BROOKSVILLE — While Eastside Elementary School students performed well enough on this year’s Florida Comprehensive Assessment Tests to lift the stigma of the school’s failing grade, not all of the district’s FCAT results are being celebrated.
Fourth-grade writing proficiency decreased 12 percent, district-wide, from 54 to 42 percent, while third-grade reading proficiency increased 1 percent from 62 to 63 percent, according to information released by the Florida Department of Education.
This year marks the end of FCAT testing, which will be replaced next year by the so-called “Florida Standards” examinations, which are designed to place more emphasis on analytical thinking.
“I’m not pleased. Given everyone’s hard work, I wanted to see great improvement in writing across all grades,” said Eric Williams, the school district’s director of school improvement. “It’s certainly a call to action for us to use the implementation of the new Florida Standards to hit the reset button and start planning instruction that’s Standards-based.
“Eastside made tremendous gains. (It shows that) when you serve a challenged population of students in an older facility with lots of resource barriers, you can still make significant student achievement growth. It can be done.”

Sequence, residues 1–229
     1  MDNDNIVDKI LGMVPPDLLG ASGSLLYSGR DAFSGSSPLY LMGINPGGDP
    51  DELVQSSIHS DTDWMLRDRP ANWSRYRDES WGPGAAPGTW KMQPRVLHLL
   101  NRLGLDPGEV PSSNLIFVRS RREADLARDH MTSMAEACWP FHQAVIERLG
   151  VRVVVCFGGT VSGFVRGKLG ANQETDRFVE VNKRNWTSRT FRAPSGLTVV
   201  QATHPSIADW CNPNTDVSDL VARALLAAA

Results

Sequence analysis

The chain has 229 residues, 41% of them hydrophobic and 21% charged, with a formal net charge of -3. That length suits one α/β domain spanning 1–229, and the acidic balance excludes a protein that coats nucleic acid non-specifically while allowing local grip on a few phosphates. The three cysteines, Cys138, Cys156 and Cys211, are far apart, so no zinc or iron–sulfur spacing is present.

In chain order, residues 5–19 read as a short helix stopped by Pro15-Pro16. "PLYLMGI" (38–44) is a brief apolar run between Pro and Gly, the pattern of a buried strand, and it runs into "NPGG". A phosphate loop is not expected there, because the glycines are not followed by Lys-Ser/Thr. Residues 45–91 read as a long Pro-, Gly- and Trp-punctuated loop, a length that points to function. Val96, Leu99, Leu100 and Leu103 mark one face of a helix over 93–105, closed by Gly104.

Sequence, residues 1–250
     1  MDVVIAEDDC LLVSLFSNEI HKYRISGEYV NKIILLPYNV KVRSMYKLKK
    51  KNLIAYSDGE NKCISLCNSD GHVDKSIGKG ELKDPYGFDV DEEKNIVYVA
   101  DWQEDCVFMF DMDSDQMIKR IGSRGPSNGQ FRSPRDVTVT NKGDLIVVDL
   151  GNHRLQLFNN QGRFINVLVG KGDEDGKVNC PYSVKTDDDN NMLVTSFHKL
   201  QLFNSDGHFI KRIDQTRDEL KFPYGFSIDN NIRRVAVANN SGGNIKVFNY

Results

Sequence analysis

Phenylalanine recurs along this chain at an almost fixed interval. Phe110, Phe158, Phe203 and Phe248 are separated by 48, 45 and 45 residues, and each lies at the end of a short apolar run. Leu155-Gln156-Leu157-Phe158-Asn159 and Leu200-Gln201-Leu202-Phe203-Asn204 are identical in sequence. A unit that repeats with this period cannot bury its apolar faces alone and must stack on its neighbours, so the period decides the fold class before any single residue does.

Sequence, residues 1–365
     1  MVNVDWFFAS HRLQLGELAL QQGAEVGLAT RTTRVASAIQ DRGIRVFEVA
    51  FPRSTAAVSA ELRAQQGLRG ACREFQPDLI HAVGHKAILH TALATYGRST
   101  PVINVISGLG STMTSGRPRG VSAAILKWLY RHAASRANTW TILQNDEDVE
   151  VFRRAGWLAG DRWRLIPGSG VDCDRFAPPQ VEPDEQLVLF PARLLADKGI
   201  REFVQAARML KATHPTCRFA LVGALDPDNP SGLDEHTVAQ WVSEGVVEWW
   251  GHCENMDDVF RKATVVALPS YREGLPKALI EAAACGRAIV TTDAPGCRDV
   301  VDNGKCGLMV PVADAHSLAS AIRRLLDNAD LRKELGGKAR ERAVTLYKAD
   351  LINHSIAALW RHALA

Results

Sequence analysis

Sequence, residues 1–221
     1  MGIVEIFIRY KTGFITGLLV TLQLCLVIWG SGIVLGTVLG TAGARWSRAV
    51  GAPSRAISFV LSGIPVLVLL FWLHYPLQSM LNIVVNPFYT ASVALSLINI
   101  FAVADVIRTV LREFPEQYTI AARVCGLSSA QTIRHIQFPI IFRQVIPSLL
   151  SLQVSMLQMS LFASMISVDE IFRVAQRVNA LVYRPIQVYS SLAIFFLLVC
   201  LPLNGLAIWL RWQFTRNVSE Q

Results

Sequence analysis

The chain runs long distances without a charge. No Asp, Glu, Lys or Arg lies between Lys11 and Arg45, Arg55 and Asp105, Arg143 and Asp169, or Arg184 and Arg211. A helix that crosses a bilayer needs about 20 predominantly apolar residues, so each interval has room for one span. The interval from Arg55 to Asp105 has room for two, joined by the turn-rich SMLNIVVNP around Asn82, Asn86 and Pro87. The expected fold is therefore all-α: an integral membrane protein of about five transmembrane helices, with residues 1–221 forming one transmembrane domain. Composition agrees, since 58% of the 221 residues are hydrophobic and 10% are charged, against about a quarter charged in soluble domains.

On next year’s tests, Williams said English and language arts assessments will include reading and writing elements, primarily “writing in response to literature, fiction and non-fiction, using text-based evidence.”
Debbie Pfenning, the district’s K-12 reading and language arts supervisor, said that means teachers will focus on “the kind of writing that prepares you for career and college readiness.”
“Instead of responding to a random prompt, you respond to a question related to the text,” she said. “It’s evidence-based, so when you respond, you cite evidence from the text to support your response.”
This year’s writing grades weren’t all bad.
Pfenning cited eighth-grade writing proficiency increases at Explorer K-8, Powell Middle School and West Hernando Middle School, while 10th-graders at Nature Coast Technical High School and Weeki Wachee High School also showed significant gains.
She attributed success in those schools to the “Writing Across the Curriculum” strategies.
“Students are expected to be able to write in all subject areas,” Pfenning said. “We believe that that impacted (those schools’) success, or contributed to it.”
Among other schools showing significant improvements were Brooksville Elementary, where math proficiency increased 15 percent; and Moton Elementary, where reading scores showed an 11 percent jump.
At Pine Grove Elementary, third-grade math proficiency increased 40 percent, while reading scores climbed 14 points.
“We’ve always had a pretty proactive group of teachers at those schools who are focusing on school needs and continuous improvement,” Williams said. “That’s something those schools have promoted.”
District-wide, math scores dropped 1 percent.
“I look at it this way: Only 58 percent were performing at grade level or above last year, and that’s not a happy number, so a decline of 1 percent makes it even worse,” said Marcia Austin, the district’s math curriculum supervisor.
“My hope is that with the gains that occurred at several other schools there will be more conversations among the leaders in our schools about what worked, and what may not work in the coming year.”